China lottery cockup prompts allegations of a fix

china-welfare-lotteryChina’s booming lottery business is facing a raft of bad ink after a reported technical glitch resulted in a delay for Sunday night’s welfare lottery draw. Lottery players dutifully tuned in to the nationally televised broadcast of the drawing, only to be told at the last minute that the drawing had been cancelled.

Shortly thereafter, the China Welfare Lottery Issuing and Management Center announced that a technical hiccup in Chongqing had prevented lottery sales data from being transmitted to Beijing, as required by law. Two hours after the scheduled live drawing, the Center announced that a migrant worker from Guangzhou city in Guangdong province had won the RMB 60m (US $9.6m) jackpot.

However, other players immediately challenged this news, questioning both the cause of the delay and the swiftness with which lottery administrators were able to identify the winner and his occupation. The Beijing News quoted a man identified only as Zhang saying he’d reported the incident to the Central Commission for Discipline Inspection (CCDI), the Communist Party’s top anti-graft unit.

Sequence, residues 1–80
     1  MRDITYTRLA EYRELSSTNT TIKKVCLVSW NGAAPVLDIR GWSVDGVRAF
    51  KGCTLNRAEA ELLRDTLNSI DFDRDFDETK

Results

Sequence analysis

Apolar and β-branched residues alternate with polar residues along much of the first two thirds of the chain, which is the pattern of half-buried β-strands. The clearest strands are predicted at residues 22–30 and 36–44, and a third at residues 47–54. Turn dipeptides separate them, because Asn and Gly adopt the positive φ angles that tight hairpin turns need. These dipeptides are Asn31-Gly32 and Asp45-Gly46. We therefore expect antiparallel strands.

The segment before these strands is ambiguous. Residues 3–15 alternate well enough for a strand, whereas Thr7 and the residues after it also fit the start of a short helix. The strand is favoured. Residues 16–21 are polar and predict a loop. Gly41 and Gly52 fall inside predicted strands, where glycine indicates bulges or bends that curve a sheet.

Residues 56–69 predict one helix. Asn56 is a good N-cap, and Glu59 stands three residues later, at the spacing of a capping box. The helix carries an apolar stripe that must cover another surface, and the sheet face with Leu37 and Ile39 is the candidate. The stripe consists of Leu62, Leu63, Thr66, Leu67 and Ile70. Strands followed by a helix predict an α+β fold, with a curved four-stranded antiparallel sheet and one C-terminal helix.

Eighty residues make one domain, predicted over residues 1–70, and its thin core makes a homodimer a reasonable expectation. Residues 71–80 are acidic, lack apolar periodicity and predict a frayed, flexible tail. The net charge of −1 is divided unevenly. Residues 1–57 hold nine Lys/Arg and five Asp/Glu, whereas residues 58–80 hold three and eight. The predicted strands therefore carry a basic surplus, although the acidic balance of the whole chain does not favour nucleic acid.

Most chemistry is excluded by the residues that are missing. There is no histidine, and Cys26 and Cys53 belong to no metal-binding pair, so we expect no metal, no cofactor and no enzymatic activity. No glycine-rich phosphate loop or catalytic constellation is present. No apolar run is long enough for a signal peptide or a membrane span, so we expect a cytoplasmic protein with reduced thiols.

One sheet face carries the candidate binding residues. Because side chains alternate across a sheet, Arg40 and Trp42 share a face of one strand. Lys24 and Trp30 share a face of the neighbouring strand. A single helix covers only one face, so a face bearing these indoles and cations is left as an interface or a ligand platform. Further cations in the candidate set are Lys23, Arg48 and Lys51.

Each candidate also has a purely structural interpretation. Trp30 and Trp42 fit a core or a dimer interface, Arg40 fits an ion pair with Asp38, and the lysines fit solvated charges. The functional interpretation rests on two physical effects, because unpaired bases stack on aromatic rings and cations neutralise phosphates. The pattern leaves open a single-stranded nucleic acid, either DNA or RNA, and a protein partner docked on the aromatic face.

Without offering proof, Zhang voiced suspicions that the postponement was orchestrated so that lottery officials could ensure their chosen recipient emerged the winner. Zhang rubbished the lottery’s official line as “illogical and inconsistent.” The CCDI acknowledged receiving Zhang’s complaint but has yet to determine what course, if any, to take.

Suspicion of chicanery is no doubt fueled by Beijing’s crackdown on corruption among lottery officials. In November, Beijing announced a surprise audit of provincial lottery administration centers to determine if lottery profits were being misspent. Beijing has also promised to ramp up inspections of various state-owned industries, prompting more cynicism among the public regarding the distance between the public line and the private reality.

It doesn’t help that Chinese lottery winners, unlike their western counterparts, aren’t required to publicly identify themselves. Lottery officials routinely issue pictures of themselves handing over giant novelty checks to jackpot winners, who often appear with their faces obscured, sometimes comically so.

Earlier this month, a man from Wuhan city collected his $44m check wearing a horse mask. Other winners have dressed as bears, Mickey Mouse, Spiderman and figures from Chinese legends. The winner from Wuhan wore plastic bags over his shoes in case they could be identified in photographs and another winner used a device to disguise his voice during a press conference.